A counselor can help the child process their experiences and learn skills to cope. Try to find a counselor who has experience helping kids who've had ACEs or trauma.

  • Focus on creating a safe, stable home.
    • Make days calm and predictable. Setting up routines can reduce stress by helping a child know what to expect each day.
    • Be a consistent presence. Show the child that you can be counted on to be there for them.
    • Give affection. Show that you care with both your actions and your words.
    • Manage your reactions to stress. If you tend to get angry, yell, or be short-tempered, work on learning skills for how to respond to stress in a healthier way.
  • Encourage the child's ongoing relationship with a trusted adult.

    This could be someone like a teacher, coach, family friend, or grandparent.

  • Teach younger children that their bodies are their own.

    For example, if they don't want to hug or be hugged by people, respect their decision.

  • Teach adolescents and teens about sexual consent.

    Asking for consent means asking someone else for permission to touch them, kiss them, or be sexual with them in some way. Someone gives consent when they know exactly what they are being asked to do, and they agree clearly without being pressured.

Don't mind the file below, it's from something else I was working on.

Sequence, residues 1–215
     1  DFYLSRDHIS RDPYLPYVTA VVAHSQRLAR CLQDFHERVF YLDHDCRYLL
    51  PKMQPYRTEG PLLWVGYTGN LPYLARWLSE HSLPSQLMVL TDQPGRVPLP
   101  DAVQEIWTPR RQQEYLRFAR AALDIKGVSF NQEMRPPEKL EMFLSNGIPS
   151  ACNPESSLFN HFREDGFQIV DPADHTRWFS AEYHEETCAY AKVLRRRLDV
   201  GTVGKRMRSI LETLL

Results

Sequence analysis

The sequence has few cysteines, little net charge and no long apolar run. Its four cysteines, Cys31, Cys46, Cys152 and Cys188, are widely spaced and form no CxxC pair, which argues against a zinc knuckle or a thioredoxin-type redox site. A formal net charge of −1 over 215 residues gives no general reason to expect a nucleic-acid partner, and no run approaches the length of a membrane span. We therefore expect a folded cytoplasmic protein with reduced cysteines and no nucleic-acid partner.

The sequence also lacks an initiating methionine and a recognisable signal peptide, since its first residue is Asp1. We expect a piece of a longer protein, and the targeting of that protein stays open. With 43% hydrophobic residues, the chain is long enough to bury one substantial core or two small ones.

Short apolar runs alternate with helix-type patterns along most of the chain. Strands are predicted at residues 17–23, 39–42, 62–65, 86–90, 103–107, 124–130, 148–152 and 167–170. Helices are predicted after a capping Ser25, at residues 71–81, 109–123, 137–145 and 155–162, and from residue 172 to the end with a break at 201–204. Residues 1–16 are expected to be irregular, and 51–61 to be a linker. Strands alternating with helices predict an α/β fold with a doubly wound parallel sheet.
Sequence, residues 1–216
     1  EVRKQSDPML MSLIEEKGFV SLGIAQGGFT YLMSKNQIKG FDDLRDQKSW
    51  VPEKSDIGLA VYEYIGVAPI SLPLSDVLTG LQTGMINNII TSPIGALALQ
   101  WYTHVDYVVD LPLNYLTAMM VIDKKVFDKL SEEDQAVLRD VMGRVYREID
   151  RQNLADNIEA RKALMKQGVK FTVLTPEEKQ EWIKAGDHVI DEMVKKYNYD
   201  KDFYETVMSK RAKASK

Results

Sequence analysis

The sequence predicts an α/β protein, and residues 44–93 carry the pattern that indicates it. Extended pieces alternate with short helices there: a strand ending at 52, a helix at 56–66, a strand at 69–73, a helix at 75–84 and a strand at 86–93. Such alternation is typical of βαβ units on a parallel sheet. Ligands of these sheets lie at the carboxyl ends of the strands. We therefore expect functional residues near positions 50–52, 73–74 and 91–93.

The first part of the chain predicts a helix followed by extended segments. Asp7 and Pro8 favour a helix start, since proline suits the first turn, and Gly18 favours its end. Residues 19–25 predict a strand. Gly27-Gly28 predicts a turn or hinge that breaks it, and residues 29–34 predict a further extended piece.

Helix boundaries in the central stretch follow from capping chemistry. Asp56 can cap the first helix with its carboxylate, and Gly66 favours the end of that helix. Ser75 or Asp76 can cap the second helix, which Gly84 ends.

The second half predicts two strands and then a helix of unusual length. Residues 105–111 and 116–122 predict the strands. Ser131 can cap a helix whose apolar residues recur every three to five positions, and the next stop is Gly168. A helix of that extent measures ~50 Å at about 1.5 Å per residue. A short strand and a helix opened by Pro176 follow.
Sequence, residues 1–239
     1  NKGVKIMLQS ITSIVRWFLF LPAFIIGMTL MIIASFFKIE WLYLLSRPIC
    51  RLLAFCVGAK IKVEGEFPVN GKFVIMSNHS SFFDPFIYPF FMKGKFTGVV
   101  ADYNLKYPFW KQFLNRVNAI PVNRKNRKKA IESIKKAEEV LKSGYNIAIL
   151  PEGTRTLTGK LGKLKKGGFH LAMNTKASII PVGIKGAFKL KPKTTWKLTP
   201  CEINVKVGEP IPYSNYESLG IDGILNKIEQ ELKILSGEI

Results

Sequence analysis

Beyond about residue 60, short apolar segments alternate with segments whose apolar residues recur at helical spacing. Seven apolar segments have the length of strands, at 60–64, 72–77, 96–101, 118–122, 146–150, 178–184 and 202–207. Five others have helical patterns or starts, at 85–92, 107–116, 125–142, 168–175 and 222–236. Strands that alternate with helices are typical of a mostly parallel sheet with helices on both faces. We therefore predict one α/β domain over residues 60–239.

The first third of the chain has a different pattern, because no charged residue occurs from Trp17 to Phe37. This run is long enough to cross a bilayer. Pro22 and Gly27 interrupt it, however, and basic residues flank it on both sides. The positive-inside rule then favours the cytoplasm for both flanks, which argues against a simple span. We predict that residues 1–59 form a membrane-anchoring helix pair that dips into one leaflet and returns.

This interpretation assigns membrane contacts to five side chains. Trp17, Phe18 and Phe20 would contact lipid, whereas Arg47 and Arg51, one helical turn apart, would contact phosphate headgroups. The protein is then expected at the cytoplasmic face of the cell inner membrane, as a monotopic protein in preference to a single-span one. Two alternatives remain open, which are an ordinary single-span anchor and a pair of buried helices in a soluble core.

• Ask for help when you need it.
    • Make a list of people who could help you right away, at any time of day. Think of others who could help you now and then, or if you ask them ahead of time. It might help to make a list of names so you know who to call and when.
    • Get connected with housing or food services if you need them. You can find local resources online. Or you can ask a doctor, counselor, or social worker about resources.
  • Learn about parenting classes in your area.

    Being a parent is really hard. Classes can help you learn new tools for how to parent as your child changes and grows. Taking classes doesn't mean that you're a bad parent. In fact, it means that you care about doing a good job.

  • Get help working through your own ACEs, if needed.

    When adults don't heal from their own ACEs, they're more likely to create homes where children are exposed to ACEs. But it doesn't have to be that way. You can break the cycle.

    • See a counselor.
    • Get treatment for depression and other mental health conditions.
    • Get help if you have problems with substance use.

    People who need longer-term help with mental health or substance use problems sometimes arrange for someone they trust to care for their child while they get the help they need. That may be a hard decision. But parents who take care of themselves will be better able to take good care of their children.

This information does not replace the advice of a doctor. Healthwise, Incorporated, disclaims any warranty or liability for your use of this information. Your use of this information means that you agree to the Terms of Use. Learn how we develop our content.